I’m looking for six male, black teenagers who were at Water Tower Place on March 3 around 7:30 p.m.
No, they didn’t do anything wrong.
It’s that they’re owed an apology.
Dr. Carla Hightower noticed this group of young, black men at Water Tower Place for all the right reasons.
“They stood out because they looked so good,” Hightower says. “There were a large number of them, and they were so stylish, calm and mature.”
But by the time the Chicago physician made her way down the escalator, a very “apologetic-looking” female security guard was escorting the teens out of the building.
“I said to her, ‘What did the boys do wrong?’ ”
“I don’t even know if they did anything wrong,” Hightower says the guard told her.
At that point, Hightower could have just walked away and forgotten about it. After all, she didn’t even know the young men.
But something told her this was a case of racial profiling, plain and simple.
So she sought out a manager. And she was stunned when he told her the teens were thrown out of the mall because they were “loitering” and not “engaged in the shopping experience.”
“I had never heard of such a rule,” says Hightower. “These boys were surrounded by persons not making purchases, but here he was telling them they had to ‘leave now’ and ‘don’t come back.’ ”
Hightower says she insisted on a further explanation and then was told the young men were “chasing girls.”
“He had spent all this time telling me about loitering, and then he tried to make up an excuse,” she says.
Hightower left, then emailed General Growth Properties, the S&P 500 real estate company that owns the popular mall.
“Clearly the Water Tower Place management unfairly discriminates against black teenage boys based on their race,” she wrote.
Kevin Berry, who is executive vice president of human resources and communications for General Growth Properties, agreed to arrange a meeting with Hightower and the heads of security and asset management.
“I was very grateful for that immediate response and that he said he was going to take this seriously,” Hightower says.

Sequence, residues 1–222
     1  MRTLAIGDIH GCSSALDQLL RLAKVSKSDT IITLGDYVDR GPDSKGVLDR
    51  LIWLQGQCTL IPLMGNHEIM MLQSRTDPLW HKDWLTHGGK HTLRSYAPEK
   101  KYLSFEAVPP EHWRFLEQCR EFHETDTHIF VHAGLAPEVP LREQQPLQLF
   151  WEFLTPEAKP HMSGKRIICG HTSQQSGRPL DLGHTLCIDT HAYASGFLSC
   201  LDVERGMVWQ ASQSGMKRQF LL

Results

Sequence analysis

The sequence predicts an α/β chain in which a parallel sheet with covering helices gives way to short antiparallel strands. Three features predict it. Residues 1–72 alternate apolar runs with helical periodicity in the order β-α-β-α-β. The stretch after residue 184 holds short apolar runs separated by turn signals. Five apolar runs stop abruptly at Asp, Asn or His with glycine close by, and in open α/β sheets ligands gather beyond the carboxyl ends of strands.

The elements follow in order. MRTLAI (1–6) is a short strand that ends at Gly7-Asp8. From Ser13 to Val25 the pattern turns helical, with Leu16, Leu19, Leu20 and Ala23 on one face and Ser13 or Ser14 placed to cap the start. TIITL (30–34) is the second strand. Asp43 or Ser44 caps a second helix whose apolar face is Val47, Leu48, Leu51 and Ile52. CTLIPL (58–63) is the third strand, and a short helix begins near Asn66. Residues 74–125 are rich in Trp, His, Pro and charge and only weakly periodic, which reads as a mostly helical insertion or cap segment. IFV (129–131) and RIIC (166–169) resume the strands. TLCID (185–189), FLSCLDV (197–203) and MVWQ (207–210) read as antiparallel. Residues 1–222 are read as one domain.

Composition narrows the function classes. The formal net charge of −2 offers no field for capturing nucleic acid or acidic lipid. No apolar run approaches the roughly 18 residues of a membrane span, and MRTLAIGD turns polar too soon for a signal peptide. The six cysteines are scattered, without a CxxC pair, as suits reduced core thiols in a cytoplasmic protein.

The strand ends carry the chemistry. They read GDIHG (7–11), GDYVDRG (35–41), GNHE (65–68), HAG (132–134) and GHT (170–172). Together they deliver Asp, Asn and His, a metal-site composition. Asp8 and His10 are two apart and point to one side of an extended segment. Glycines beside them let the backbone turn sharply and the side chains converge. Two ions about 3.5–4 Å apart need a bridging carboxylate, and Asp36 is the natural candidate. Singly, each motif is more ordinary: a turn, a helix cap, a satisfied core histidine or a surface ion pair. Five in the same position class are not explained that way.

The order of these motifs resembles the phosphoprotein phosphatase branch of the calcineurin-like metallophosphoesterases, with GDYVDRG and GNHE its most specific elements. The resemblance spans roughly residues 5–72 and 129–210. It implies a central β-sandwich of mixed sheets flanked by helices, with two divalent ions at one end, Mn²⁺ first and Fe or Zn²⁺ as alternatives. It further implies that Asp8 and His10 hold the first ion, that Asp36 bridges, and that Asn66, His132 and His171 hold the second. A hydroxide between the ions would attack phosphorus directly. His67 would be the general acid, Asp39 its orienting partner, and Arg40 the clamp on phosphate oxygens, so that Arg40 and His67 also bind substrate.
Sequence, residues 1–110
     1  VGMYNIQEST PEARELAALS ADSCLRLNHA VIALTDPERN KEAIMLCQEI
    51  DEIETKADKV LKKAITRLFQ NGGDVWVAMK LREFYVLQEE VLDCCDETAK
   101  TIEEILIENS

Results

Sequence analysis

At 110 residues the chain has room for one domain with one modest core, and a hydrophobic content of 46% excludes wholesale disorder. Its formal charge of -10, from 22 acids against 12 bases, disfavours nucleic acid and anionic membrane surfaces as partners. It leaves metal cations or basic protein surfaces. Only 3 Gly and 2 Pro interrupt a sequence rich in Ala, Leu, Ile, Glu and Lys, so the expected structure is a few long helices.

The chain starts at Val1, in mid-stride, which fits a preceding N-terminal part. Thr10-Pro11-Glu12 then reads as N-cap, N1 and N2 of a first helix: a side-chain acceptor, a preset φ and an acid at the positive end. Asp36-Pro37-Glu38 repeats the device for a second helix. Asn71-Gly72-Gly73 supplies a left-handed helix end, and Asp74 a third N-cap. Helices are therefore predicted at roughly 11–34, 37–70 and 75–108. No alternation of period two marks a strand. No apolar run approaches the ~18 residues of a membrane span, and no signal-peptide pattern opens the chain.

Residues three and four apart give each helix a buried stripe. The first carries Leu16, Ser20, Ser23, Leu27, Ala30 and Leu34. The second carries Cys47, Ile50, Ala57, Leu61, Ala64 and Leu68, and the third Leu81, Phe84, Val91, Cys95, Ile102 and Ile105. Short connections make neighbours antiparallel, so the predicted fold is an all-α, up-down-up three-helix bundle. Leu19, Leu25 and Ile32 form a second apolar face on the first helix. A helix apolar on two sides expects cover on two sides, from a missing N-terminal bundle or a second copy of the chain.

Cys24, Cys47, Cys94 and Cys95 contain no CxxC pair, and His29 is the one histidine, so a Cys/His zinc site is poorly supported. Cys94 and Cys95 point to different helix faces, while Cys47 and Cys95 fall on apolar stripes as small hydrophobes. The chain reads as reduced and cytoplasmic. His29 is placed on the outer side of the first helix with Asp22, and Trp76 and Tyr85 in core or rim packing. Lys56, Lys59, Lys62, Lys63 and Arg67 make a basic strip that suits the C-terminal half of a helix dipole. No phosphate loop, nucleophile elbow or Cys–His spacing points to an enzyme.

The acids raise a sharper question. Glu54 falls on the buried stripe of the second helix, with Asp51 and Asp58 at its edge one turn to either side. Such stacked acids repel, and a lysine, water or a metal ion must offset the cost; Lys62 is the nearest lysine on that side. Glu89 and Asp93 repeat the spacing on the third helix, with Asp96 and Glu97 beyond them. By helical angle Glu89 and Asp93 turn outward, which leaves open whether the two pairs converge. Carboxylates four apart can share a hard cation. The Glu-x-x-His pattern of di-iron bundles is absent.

Their conversation is the subject of Episode #9 of the “Zebra Sisters” podcast.
Berry says he told Hightower he hoped “race had nothing to do” with what happened.
“I wasn’t there, I just hope it wasn’t,” he says on the podcast. “But the fact that they were expelled from the property and told to get out and never come back was not only unprofessional but is completely wrong.
“Not only that, but the way we did it and then the way we interacted with Dr. Hightower was not right,” Berry acknowledged.
It’s not unusual for black consumers to complain about being followed by security guards when shopping at high-end stores.
But unless you’re the target of the discrimination, most of us are silent.
“For me to have that moment where I was right there … to be able to see it and able to hear the conversation., it was a powerful moment,” she says. “I could see that this was wrong.”
Because of Hightower, Water Tower Place’s management has agreed to review its policies on what constitutes loitering. Also, its security teams are going through retraining, and Hightower was asked to share her experience with the security at Water Tower, according to Berry.
He also offered an apology to the six young black men who were kicked out of the mall.
“The loss here is that there is not only Carla, but there were six kids that for the rest of their lives are going to have a negative feeling of Water Tower Place,” Berry says.
“I would say to each of them that we are … very sorry about what happened to you. It was wrong.”
It would be great if these young men could not only hear this apology in person but also meet the caring woman who made it possible.
Listen to Dr. Carla Hightower and Kevin Berry on Ep. 9 of the “Zebra Sisters” podcast. I co-host the podcast with Leslie Baldacci, an educator and former Sun-Times reporter. You can subscribe (for free) on iTunes, Google Play or the Sun-Times’ website. Join the conversation at email@example.com or give us a shout-out on the Zebra Hotline @ (312) 321-3000, ext. ZBRA (9272).